Finally, the school’s Distance Learning Center makes use of a hybrid passive-active solar system. Installed facing a large brown wall by a company called SolarWall, the pre-manufactured system consists of metal panels with very small holes throughout that transfer heat into the building’s mechanical system (the passive side) and fans are then employed to circulate the air (the active side). “This is designed to be our most efficient passive solar collection device yet,” extols Bowen.
As we’ve already hinted, the passive solar designs incorporated into NAU’s various buildings do not add to cooling loads. The buildings are oriented just so and fitted strategically with shades, fins, and vents that prevent excessive heat gain during summer months when the sun is higher on the horizon. Additionally, during cooling seasons, most of the systems are put into reverse mode at night to create passive cooling. In the ARD building, for instance, vents at the top and bottom of the building are opened at night, allowing convective flow to draw in cooler outside air. During the day, the concrete structure absorbs much of the warmth from indoor lighting, computers, and human bodies to prevent the space from overheating. A very similar system of reverse convective flow is used to cool both the business administration and distance learning buildings as well.Long live passive solar designs
As NAU has proven, time-tested passive solar designs are as good today as they were decades ago, and many can be combined with other systems to afford complementary benefits. OHSU (Portland, Oregon), for instance, recently (2006) completed their Center for Health & Healing. It was designed with a giant (6,000 square foot) solar air heater on the south-side facade on the 15th and 16th floors that captures solar energy which is then translated into heat and held between two glass skins. The warm air is then circulated in an air-to-water heat exchanger via fans to heat the water used for the building (for lavatories, medical sinks, showers, and the cafeteria).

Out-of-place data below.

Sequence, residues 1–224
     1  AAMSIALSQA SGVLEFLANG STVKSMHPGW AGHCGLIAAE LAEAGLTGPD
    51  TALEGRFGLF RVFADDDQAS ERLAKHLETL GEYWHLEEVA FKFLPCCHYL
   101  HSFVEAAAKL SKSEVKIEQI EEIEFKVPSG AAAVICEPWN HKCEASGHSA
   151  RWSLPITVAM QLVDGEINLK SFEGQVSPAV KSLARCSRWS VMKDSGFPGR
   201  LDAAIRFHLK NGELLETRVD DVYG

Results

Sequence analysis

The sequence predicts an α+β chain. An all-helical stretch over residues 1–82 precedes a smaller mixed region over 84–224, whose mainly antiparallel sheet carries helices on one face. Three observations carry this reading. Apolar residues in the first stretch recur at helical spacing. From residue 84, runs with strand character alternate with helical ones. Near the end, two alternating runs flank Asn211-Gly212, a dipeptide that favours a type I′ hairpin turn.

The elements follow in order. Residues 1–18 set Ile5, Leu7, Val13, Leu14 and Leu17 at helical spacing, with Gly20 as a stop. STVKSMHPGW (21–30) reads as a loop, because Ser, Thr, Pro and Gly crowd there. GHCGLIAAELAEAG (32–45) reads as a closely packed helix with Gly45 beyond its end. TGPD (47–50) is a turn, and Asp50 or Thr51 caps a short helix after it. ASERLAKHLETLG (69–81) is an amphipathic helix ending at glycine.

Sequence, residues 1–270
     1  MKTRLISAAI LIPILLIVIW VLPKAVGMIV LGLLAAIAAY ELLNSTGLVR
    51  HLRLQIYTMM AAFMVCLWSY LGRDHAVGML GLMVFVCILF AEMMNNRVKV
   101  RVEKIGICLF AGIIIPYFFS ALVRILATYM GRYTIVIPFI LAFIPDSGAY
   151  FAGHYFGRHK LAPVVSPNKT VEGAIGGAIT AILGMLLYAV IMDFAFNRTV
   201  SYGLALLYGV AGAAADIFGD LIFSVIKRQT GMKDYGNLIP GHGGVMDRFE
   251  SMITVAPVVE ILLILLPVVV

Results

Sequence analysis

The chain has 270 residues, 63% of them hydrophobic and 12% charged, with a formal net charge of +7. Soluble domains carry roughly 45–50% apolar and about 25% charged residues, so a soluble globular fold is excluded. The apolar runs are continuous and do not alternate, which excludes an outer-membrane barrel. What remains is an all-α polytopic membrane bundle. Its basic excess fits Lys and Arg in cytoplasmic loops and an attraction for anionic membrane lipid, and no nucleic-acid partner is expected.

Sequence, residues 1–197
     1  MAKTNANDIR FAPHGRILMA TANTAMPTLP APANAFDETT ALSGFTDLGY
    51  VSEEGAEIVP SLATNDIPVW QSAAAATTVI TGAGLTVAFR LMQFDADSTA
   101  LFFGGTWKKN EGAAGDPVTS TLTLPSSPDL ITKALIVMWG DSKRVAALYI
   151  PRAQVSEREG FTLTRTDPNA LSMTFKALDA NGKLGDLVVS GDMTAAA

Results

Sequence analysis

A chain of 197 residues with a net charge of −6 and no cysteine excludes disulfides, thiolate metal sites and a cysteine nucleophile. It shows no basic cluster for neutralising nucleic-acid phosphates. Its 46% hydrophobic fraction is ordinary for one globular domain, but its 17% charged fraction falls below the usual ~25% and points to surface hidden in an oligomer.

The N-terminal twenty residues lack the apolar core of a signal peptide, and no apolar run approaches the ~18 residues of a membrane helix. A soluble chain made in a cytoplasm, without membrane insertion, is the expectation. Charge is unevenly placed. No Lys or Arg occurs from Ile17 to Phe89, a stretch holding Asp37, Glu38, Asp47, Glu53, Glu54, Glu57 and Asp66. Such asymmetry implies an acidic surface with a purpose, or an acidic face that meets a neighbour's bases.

Though this is technically an active solar design for heating water, the system also acts like a type of trombe wall. The solar air heater has a heavy insulation layer between the sun space and the occupied space, but the indoor air in exterior rooms is still warmed slightly through conduction, which lowers the heating load on the upper floors. Building managers are still working out the system’s kinks, but the solar collector is projected to save the building between $6,000 and $7,000 annually and will pay for itself in about 20 years.
Simple or complex, most of these passive solar designs have a 25+ year lifespan, paying dividends in energy and dollar savings with little to no extra maintenance, and sometimes the simplest systems have the most stamina. When designed with uncomplicated, age-old techniques, passive solar requires few (if any) moving parts-only the thoughtful consideration of building orientation and material choice for the most efficient collection of the sun’s warmth. According to Bowen, “There is an offset or cost tradeoff by reducing the mechanical system equipment requirements.” Some ancient ideas are hard to improve upon.